Jan 02 2017

Panda’s Talking Games – 43: The X Card

Show us how you handle the X Card at your table. We talk basic safety and lessons we’ve learned from personal experience.  We managed to keep it short and sweet despite many failed attempts at words.

Other good sources for X Card commentary include:

MMP 225: QCC Recap and Safety Redux

SASG 39: Royal Blood: The Chariot



  1. Chris Glew

    Hey Senda and Phil,
    Love the show. I’m a long time (Grognard-level) gamer so new ideas take some time to sink in with me. Thanks for going into this topic in some detail and offering some examples of the X Card working in play.

    Personally I’ve heard of the X Card being used and I’ve had, until now, some mixed feelings about the concept. I work as a mental health practitioner and have nursed people both professionally and in my private life with mental health concerns such as PTSD and so areas of discomfort (“triggers”) are something I’m acutely aware of. That said I’ve always been keen on allowing personal responsibility to take the lead when troubled by events, so if someone finds something unsettling then this is their issue to approach in the way they feel best suits them.

    I’m glad you noted that “editing out” bits of the narrative that are problematic can put a speed bump in the narrative, making things weird and putting everyone else in the space of “man I hope I don’t upset that person who hit the X Card, best not say anything” and therefore crippling everyone’s creativity. But now I can see that there is a place for this at times, provided it’s used sparingly. Initially it seemed to me that it was like a speed bump on the road to fun or could be used to negatively focus on someone’s needs rather than the shared game experience but my viewpoint was broadened as you discussed it.

    I’ve always felt that “a shared imaginative interaction” (roleplaying) is a space where we are NOT ourselves so its hard to be personally effected when we are supposed to be in Middle Earth or wherever. What happens in game is a fantasy, a dream, albeit a very immersive one.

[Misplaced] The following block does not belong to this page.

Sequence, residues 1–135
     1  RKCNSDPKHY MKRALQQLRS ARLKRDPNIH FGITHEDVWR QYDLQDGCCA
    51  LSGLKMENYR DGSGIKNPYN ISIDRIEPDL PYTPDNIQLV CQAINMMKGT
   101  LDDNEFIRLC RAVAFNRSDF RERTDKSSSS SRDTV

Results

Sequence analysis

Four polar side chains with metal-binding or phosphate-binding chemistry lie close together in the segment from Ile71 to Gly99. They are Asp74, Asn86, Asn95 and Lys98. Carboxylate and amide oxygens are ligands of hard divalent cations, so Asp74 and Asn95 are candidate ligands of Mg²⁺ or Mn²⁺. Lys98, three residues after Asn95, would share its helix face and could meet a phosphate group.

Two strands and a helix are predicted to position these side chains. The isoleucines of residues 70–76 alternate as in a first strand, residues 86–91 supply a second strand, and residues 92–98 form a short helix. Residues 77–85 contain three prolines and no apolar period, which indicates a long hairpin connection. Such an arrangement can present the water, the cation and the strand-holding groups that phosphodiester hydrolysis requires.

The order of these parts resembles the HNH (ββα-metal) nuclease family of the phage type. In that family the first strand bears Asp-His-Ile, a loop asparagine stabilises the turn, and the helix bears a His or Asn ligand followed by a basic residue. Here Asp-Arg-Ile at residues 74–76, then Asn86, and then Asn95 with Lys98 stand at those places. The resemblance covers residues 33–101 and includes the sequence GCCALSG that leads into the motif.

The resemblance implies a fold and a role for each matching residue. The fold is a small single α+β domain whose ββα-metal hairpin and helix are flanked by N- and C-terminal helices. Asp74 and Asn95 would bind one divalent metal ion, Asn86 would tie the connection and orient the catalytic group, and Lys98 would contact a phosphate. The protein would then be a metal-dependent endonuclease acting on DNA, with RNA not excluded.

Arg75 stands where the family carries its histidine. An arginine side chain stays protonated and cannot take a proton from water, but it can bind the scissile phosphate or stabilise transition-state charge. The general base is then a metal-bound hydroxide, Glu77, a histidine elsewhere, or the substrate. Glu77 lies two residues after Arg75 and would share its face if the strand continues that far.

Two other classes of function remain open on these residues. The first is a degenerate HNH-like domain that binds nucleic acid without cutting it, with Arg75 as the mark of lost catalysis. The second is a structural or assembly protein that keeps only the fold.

That said there are elements, probably more social ones at the table itself; such as a overly vocal (bullying) gamer, problematic table banter and other interpersonal issues that the X Card can give the table permission to address without being a dick about it “hey, that’s not how we want to have fun here fella.”

    Thanks for giving a good 3D look at the X Card in play. I am a little more happy with the idea now and can see more of the benefits of it. Keep up the good work.


    1. Senda

      Hi Chris! So glad you’re enjoying the show — we sure have fun recording it!
      The X Card is admittedly something I used to throw out on the table as an vague emergency stop, never thinking it would be used and mostly just doing it to make everyone happy. In the last episode of Royal Blood that I ran for She’s A Super Geek, I experienced what it’s like to have a real emotional safety fail at my table, and it was rough. Phil and I also talked about that particular incident after the end of the episode too, so this episode of PTG was very much thoughts on how we’d both like to use the card going forward from lessons we learned in that experience. Being more effective about it both in terms of making sure safety is in place and to gently uphold table etiquette/social contract has worked really really well so far.

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